Francisco Guerra Tananta

Co-founder of ACELPA

Francisco Guerra Tananta was born in 1962 in Tamshiyacu. As a member of a large family, he experienced the collapse of family structure and community as a result of modern influences. In addition to his work, he is engaged in local politics in Tamshiyacu.

Growing up in a big family he owed all his knowledge to his parents, especially how to cultivate and how to love the forest. With the proceeds of their handcrafted work, his parents were able to send all their 11 children to university.

Francisco has seen how people’s habits have changed – how the everyday life of the Amazon has changed under the influence of American television series. He laments people’s dependence on money because they have become accustomed to consuming products from stores.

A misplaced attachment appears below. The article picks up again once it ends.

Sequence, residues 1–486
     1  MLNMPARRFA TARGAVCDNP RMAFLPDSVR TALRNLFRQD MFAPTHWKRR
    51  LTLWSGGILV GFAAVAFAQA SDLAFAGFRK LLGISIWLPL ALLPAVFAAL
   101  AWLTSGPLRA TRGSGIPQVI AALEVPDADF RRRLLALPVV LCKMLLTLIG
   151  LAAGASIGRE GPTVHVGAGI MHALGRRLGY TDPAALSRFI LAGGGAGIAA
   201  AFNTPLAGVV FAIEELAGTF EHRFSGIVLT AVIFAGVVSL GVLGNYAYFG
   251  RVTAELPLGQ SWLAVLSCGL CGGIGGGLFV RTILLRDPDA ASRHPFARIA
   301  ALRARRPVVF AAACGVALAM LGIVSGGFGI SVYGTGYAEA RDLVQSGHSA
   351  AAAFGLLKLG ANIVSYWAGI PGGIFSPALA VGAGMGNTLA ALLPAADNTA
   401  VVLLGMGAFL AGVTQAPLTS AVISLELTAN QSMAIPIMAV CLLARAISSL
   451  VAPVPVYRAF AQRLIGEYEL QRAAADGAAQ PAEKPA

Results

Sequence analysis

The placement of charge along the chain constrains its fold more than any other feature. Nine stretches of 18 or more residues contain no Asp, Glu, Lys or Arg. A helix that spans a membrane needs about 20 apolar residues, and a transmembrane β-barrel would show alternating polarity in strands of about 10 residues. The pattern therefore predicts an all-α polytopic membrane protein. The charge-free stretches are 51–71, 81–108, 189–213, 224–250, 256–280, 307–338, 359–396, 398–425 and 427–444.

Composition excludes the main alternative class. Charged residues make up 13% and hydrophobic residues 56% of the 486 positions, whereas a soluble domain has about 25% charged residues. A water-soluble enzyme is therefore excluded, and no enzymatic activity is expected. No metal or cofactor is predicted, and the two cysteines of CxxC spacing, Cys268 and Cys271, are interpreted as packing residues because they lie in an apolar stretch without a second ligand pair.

A sense of poverty is spreading – though the rainforest has incredible treasures that are only fallow.

These treasures are sought after on the capital market. Peru has metal ores such as copper, zinc, lead, cadmium, iron, petroleum, gas and precious metals such as gold and silver.

The rainforest ground is not suitable for the industry

The extraction of mineral resources by foreign investors deprives Peru of its natural resources and destroys the lives of indigenous people and mestizos. The same thing happens in the rainforest. Despite soil studies proving that the rainforest soil is not suitable for industrial agriculture, large areas are cut down. At the same time, targeted aid measures by the UN and the WHO create dependencies and assistance for the people of the Amazon.

Land expropriation, contaminated rivers, human lead poisoning, water and air pollution, and irretrievable destruction of headwaters and farmland for future generations are the inexorable consequence.